But as tests have become more advanced, they also started to test for creatinine. If you are not within the normal range for creatinine, the test results may be regarded as inconclusive and you may be asked to take the test once more.

And here's where creatine comes into play.

Over the course of 24-36 hours after ingesting creatine, it turns into creatinine. Therefore, the thought process goes that if you consume enough creatine, to the point where it metabolizes into a lot of creatinine, you can then drink a lot of water. This dilutes your urine, potentially helping you to pass the test, without triggering any alarms.

In a nutshell, creatine doesn't remove any illegal substance from your body. It only helps your urine look normal, even though it may be highly diluted.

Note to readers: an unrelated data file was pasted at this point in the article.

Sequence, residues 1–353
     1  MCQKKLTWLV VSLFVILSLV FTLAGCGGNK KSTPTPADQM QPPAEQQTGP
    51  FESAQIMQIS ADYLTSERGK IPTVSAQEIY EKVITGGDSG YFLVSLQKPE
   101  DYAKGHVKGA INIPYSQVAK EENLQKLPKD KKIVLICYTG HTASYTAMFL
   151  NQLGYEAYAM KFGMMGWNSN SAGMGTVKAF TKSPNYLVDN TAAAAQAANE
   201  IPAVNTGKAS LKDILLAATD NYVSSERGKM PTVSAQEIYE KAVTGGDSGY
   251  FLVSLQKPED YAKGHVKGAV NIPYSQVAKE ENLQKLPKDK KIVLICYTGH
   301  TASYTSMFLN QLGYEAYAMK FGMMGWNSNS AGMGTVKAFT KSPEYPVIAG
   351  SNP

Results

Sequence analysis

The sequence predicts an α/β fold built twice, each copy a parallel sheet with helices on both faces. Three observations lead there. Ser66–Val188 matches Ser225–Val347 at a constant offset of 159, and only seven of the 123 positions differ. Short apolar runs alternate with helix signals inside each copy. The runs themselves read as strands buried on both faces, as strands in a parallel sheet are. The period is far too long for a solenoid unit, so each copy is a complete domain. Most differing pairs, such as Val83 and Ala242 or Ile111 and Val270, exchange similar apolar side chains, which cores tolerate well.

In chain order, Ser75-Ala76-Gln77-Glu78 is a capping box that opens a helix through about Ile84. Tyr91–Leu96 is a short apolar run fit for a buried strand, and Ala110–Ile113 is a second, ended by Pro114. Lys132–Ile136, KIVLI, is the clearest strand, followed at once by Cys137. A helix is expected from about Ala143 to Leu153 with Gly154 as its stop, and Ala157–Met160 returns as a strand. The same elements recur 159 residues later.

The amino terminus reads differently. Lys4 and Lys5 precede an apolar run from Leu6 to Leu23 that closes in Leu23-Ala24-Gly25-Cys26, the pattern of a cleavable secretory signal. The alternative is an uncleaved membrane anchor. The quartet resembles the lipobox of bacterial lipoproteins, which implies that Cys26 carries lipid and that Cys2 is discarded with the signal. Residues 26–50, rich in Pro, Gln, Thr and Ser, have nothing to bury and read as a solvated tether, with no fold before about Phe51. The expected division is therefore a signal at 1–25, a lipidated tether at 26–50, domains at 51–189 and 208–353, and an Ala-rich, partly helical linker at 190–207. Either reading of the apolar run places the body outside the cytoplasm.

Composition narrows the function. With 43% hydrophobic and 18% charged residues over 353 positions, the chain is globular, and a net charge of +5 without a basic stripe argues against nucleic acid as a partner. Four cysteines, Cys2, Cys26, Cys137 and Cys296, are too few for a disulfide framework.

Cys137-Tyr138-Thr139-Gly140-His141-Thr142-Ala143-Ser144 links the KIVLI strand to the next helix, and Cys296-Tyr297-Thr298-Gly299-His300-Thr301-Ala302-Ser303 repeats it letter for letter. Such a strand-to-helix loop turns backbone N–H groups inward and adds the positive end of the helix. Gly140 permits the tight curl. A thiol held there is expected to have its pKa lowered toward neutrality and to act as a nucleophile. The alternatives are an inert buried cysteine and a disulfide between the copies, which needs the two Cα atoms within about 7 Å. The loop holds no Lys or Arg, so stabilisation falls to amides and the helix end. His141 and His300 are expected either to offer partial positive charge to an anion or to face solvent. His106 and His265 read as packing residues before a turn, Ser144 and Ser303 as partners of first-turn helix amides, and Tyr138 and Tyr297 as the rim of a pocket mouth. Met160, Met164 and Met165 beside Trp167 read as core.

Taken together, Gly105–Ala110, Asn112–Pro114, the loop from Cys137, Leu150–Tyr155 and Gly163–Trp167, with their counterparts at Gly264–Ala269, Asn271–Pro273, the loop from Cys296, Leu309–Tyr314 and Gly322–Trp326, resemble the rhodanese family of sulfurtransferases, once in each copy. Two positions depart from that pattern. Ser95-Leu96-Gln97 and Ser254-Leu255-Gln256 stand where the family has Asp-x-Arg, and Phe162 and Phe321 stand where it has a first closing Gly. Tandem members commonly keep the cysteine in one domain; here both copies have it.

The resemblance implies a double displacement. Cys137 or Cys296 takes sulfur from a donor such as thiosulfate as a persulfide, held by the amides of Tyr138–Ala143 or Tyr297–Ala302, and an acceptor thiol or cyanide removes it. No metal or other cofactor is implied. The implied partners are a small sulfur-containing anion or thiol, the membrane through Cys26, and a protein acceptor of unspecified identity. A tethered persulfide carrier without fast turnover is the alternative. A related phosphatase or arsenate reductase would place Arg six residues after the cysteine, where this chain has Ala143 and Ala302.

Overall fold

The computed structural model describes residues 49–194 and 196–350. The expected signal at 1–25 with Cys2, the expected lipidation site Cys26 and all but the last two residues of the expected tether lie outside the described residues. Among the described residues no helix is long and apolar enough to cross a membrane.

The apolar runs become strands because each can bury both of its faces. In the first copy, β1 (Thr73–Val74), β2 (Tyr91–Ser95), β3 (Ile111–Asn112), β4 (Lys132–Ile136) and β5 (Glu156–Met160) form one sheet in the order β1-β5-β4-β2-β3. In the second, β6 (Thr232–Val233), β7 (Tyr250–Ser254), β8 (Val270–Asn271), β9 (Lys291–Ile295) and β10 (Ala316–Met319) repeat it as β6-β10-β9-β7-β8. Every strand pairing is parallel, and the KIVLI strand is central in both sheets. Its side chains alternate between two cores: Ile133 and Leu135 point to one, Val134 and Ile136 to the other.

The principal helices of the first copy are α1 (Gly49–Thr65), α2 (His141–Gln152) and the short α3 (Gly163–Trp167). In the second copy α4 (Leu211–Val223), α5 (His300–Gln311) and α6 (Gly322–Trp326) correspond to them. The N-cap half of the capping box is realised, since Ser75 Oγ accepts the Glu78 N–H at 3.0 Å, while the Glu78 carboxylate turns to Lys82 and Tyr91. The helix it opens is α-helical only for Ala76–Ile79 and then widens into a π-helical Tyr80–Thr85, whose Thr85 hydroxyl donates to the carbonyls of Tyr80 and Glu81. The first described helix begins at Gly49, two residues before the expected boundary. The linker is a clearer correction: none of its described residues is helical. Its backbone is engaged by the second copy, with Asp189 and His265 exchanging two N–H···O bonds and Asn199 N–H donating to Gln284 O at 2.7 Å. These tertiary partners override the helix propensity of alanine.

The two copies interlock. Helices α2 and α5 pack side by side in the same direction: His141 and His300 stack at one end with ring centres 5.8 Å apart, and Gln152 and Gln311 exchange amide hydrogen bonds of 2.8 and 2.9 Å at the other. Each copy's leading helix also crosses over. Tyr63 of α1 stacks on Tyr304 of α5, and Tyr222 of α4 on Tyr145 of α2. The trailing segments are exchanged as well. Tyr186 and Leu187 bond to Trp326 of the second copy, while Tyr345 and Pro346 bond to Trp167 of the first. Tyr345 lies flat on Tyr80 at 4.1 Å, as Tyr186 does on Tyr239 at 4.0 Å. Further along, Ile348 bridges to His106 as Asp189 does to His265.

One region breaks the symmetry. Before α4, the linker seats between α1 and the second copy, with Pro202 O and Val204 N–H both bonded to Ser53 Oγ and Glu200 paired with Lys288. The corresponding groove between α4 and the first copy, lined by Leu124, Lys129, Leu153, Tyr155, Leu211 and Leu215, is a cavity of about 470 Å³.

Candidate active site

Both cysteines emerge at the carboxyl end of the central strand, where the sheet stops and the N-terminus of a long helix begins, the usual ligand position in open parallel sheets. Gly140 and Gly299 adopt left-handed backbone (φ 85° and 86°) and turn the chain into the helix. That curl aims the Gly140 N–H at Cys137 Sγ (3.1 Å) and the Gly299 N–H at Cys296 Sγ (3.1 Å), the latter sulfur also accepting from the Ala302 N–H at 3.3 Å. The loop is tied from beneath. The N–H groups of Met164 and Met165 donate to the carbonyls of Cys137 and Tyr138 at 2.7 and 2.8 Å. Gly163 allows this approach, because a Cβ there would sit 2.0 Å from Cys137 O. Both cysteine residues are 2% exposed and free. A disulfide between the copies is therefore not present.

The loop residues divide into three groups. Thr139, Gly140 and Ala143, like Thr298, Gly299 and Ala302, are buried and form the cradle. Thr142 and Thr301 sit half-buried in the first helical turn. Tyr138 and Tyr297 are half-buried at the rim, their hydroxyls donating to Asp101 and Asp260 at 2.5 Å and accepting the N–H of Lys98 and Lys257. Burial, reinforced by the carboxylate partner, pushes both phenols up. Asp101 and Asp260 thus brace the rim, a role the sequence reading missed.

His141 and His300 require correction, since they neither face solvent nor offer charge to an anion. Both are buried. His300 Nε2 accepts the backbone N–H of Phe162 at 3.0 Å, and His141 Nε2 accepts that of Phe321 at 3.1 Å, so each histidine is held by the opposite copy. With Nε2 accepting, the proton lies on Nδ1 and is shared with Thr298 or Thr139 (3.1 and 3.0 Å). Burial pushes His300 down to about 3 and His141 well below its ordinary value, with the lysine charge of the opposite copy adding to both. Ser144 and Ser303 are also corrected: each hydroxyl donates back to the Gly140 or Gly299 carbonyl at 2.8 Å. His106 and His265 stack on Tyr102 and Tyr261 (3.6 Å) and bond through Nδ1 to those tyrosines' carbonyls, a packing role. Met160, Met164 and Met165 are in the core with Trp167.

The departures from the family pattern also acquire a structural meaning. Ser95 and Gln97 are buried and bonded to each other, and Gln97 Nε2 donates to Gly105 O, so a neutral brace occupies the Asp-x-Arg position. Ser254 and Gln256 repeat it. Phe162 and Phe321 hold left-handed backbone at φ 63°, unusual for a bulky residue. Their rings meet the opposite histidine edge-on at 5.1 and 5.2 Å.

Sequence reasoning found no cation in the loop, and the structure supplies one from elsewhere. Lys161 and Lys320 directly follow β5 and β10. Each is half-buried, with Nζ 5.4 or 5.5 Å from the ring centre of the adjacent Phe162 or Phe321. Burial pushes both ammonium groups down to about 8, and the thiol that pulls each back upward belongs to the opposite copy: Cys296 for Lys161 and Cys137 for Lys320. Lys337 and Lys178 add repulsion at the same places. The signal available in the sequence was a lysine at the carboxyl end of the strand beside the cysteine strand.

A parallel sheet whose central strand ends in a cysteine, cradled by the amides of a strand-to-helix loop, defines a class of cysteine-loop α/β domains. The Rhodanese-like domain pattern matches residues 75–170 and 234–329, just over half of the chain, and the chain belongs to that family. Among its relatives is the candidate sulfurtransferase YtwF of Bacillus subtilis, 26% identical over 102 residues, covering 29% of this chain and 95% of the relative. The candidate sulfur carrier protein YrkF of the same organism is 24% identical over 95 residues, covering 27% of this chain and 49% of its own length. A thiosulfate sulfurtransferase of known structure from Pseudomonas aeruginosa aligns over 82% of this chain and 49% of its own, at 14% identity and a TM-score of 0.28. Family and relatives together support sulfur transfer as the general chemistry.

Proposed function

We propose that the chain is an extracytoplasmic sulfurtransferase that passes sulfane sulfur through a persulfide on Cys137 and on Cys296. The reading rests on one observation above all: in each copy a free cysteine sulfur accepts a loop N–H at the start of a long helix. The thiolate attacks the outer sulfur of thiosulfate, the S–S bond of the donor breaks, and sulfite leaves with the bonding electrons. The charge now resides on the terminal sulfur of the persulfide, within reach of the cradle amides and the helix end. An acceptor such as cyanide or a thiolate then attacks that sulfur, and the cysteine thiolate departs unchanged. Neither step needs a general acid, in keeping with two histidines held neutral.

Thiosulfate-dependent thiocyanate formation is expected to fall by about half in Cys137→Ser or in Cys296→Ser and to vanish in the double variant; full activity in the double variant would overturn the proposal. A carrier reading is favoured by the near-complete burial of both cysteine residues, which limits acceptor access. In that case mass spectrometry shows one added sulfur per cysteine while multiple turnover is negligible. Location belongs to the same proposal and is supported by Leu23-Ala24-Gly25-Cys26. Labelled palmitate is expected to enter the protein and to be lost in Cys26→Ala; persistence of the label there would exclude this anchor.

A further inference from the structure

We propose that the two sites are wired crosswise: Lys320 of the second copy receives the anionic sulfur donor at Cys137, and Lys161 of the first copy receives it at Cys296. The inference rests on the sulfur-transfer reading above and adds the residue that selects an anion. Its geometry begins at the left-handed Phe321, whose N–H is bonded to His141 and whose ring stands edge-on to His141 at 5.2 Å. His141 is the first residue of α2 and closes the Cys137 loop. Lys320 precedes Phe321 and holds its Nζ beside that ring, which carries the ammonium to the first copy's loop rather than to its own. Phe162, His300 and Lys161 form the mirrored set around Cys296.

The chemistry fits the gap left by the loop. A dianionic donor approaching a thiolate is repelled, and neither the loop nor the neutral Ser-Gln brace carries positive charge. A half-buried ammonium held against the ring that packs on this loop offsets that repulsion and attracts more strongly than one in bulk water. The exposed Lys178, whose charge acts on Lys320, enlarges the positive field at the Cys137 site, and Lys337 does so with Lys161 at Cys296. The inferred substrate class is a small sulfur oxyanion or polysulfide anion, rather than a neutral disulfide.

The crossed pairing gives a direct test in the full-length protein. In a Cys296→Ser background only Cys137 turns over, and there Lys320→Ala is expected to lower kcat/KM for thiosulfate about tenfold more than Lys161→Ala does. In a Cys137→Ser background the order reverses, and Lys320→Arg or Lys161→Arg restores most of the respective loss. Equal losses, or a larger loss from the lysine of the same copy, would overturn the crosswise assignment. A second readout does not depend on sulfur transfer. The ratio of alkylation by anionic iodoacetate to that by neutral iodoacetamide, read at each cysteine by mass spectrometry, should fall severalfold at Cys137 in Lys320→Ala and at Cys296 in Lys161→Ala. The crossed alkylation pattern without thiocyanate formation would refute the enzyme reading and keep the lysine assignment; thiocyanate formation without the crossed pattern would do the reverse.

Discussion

The difference between creatine and creatinine

Now you may be confused with the terms creatine and creatinine.

They sound similar but are they actually the same? And if not, what is the difference between them and why should you care in the context of failing or passing a drug test?

  • Creatine. This is an amino acid produced by your body, which you can also get by consuming seafood, red meat, or creatine supplements. Most of the creatine in your body is stored in your skeletal muscles and is used as an energy source for high intensity exercise.
  • Creatinine. This is a byproduct of creatine, after it has been metabolized by your body. In other words, creatinine is a biological waste and is excreted in urine.

At any point during the day, there will be a certain amount of creatinine in your urine.

Even though the levels of creatinine in your urine fluctuate, there is a general range that most adults fall within. Hence, in order to assure that there is no cheating by submitting diluted urine, your levels of creatinine will usually be tested as well.